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Chlorine

DESIGNATIONS

CAS No.: 7782-50-5
Registry name: Chlorine
Chemical name: Chlorine
Synonyms, Trade names: Chlorum
Chemical name (German): Chlor
Chemical name (French): Chlore
Appearance: greenish-yellow gas with pungent irritating odour

BASIC CHEMICAL AND PHYSICAL DATA

Empirical formula: Cl2
Rel. molecular mass: 70.91 g
Density: 0.567 g/cm3 (liquid, critical density at 144 C); 3.21 g/l (gas) at 0C, 1013 hPa
Relative gas density: 2.49
Boiling point: -34.05C
Melting point: -100.98C
Vapour pressure: 6.8 bar at 20C
Odour threshold: 0.05 ppm
Solvolysis/solubility: in water: 7.3 g/l at 20C
in tetrachloromethane: 176.5 g/l at 19C
Conversion factors: 1 mg/m3 = 0.339 ml/m3
1 ml/m3 = 2.947 mg/m3

ORIGIN AND USE

Usage:
Chlorine is used for numerous applications in the chemical industry, for example in the manufacture of chlorinated organic products (synthetics, solvents, insecticides, herbicides). It is also used in the cellulose/paper industry and in laundries as a bleaching agent. Drinking-water and swimming-pool water disinfection is a further application.

Origin/derivation:
In nature, chlorine is chiefly found as chloride (bonded to sodium, potassium and magnesium). A further important chlorine compound is hydrogen chloride. Nowadays, chlorine is primarily produced by electrolysis of alkali-metal chlorides (mercury method and diaphragm method). Use is also still made of chemical methods (SHELL chlorine method, KEL chlorine process, SOUTHWEST POTASH method).

Production figures (worldwide):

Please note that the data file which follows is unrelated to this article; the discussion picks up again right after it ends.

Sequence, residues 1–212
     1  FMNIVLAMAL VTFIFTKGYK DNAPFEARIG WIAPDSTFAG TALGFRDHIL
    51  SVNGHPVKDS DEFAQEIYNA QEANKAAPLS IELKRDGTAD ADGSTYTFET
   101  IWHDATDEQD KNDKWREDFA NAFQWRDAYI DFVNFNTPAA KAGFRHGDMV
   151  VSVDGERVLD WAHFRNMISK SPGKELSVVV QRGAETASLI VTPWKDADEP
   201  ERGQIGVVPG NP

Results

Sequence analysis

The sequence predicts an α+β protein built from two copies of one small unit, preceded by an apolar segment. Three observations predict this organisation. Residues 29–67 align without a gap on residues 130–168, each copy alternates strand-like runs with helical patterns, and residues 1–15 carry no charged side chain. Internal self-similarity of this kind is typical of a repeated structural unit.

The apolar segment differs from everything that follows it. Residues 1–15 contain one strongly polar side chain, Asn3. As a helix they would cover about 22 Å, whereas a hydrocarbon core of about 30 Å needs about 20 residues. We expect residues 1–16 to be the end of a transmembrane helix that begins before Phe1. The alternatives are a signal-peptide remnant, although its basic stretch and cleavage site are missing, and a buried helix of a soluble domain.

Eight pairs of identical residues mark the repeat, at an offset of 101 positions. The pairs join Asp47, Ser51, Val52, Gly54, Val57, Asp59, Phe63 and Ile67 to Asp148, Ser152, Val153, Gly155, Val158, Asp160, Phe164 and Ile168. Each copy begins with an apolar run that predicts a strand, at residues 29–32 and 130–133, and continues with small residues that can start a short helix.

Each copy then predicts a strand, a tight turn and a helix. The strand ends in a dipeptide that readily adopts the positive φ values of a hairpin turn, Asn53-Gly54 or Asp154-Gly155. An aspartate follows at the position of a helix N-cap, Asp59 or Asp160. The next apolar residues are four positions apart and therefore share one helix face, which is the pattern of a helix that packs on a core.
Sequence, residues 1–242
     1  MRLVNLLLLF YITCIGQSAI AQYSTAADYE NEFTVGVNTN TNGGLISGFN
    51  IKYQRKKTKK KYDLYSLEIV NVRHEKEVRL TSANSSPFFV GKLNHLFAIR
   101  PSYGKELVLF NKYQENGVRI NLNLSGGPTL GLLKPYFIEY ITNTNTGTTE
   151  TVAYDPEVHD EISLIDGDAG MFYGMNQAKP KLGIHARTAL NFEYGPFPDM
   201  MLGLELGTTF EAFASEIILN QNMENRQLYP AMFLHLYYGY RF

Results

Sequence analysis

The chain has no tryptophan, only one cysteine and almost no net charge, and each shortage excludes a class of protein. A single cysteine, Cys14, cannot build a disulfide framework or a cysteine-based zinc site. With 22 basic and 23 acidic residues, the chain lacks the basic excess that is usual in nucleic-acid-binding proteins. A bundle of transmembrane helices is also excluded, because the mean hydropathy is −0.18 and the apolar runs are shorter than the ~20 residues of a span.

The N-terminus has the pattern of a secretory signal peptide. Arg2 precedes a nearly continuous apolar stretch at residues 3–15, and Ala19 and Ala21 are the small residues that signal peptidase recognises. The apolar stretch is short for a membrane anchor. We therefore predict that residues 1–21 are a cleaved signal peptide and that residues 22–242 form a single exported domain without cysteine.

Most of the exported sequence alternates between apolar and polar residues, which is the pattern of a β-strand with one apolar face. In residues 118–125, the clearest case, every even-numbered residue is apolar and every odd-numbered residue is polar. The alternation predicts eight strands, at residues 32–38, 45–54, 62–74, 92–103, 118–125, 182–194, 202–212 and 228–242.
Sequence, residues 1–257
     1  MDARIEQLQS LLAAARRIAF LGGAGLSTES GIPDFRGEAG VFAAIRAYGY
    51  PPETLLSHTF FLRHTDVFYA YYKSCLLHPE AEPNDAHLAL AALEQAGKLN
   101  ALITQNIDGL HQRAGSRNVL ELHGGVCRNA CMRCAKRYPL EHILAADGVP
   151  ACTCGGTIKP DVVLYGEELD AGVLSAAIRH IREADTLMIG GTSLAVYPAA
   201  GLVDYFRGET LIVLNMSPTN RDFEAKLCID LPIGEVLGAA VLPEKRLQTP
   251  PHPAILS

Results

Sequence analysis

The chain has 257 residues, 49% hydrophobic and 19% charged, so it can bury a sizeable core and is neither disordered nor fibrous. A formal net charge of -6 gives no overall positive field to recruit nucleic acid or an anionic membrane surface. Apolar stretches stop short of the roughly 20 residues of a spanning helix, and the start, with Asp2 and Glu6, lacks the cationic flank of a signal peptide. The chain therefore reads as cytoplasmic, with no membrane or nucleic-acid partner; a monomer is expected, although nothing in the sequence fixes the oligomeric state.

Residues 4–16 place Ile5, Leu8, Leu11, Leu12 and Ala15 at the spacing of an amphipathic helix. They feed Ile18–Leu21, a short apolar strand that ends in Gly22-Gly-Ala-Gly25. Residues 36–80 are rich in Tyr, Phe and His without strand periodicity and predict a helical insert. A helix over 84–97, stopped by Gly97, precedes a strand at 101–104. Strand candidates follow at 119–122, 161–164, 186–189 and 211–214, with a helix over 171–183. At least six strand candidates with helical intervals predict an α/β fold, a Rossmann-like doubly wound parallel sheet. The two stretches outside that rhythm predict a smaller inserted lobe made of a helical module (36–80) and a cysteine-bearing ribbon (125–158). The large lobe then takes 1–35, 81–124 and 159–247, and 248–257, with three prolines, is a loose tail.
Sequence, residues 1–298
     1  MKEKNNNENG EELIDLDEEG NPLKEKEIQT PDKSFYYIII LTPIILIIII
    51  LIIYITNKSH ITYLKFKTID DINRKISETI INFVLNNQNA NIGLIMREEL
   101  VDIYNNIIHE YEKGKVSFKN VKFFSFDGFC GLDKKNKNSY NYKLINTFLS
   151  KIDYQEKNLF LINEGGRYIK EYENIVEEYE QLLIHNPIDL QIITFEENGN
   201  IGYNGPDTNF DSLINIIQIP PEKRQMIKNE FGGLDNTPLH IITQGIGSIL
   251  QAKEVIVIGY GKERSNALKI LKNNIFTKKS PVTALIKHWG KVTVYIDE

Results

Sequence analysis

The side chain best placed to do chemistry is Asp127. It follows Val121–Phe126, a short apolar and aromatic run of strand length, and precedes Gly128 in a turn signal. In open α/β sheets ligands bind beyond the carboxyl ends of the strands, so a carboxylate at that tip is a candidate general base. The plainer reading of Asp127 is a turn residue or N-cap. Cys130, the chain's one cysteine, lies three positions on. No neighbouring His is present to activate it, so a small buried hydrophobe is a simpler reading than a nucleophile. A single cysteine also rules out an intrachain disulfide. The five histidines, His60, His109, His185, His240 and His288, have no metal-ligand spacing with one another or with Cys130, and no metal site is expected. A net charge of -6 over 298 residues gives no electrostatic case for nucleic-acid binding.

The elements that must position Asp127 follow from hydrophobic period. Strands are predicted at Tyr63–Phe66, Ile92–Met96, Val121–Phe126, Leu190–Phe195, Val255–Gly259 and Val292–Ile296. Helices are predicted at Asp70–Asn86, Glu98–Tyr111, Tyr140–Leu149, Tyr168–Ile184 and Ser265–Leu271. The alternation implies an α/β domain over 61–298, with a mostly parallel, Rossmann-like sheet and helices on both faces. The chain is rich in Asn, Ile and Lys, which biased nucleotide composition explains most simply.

1975 = 22.5 million tons; 1983 = 30 million tons; 1994 = >40 million tons

Toxicity

Humans: LCLo 837 ppm/30 min, inhalation acc. UBA, 1986
2.5 mg/l air = immediately lethal acc. TAB. CHEMIE, 1980
Mammals:
Rat LC50 293 ppm/1 h, inhalation acc. UBA, 1986
Mouse LC50 137 ppm/1 h, inhalation acc. UBA, 1986
Guinea pig LCLo 330 ppm/7 h, inhalation acc. UBA, 1986
Dog LCLo 800 ppm/30 min, inhalation acc. UBA, 1986
Aquatic organisms:
Trout 0.08 ppm/ 168 h/ freshwater; TLm acc. UBA, 1986
Fish more than 0.05 mg/l lethal  

Characteristic effects:

Humans/mammals: Chlorine is an extremely caustic, poisonous gas. Symptoms of poisoning following inhalation are the irritation of the mucous membranes of the respiratory tract combined with breathing difficulties, coughing up of blood and low pulse rate. Humans become accustomed to odour and irritation if exposed for a long time or repeatedly. Symptoms may be delayed. Liquid chlorine is extremely caustic on the skin.

Plants: Any description of the damage to plants generally relates to the chloride impact although chlorine gas is also absorbed by plant leaves and destroys plant tissue partly by oxidation and partly by expulsion of hydrogen in organic compounds.

ENVIRONMENTAL BEHAVIOUR

Water:
Water hazard class 2. Destroys all aquatic life; kills bacteria as long as free chlorine can be detected. Chlorine reacts with water forming hydrogen chloride/hydrochloric acid depending on water content. Chlorine corrodes several materials when wet.

Air:
On expansion, chlorine gas (compressed gas) forms a cold mist which is denser than air; poisonous, corrosive mixtures form in air over the surface of water.

Soil:
Chlorine is only found in soil in ionised form of its salts (chlorides).

ENVIRONMENTAL STANDARDS

Medium/acceptor Sector Country/organ.

Status

Value Cat. Remarks Source
Air:   D

L

0.1 mg/m3 IW 1 1) acc. TA Luft, 1986
    D

L

0.3 mg/m3 IW 2 2) acc. TA Luft, 1986
    D

G

0.10 mg/m3   Monthly average, plants acc. LAU-BW
  Emiss. D L 5 mg/m3   mass flow > 50 g/h acc. TA Luft, 1986
  Workp D

L

1.5 mg/m3 MAK Peak limit I DFG, 1989
  Workp D

L

1.5 mg/m3 BAT   acc. LAU-BW
  Workp DDR

L

1 mg/m3     acc. LAB. CHEMIE, 1980
  Workp SU

(L)

1 mg/m3     acc. SORBE, 1988
  Workp USA

(L)

3 mg/m3 TWA   acc. SORBE, 1988
  Workp USA

(L)

9 mg/m3 STEL   acc. SORBE, 1988

Notes:

1) Annual arithmetic mean
2) 98 % of annual 30-minute average

Assessment/comments

Chlorine is a hazard to all types of water and in particular to drinking water because of its high toxicity and corrosiveness as well as its oxidising effect. Disaster alarm must be given if large quantities of the gas are liberated.


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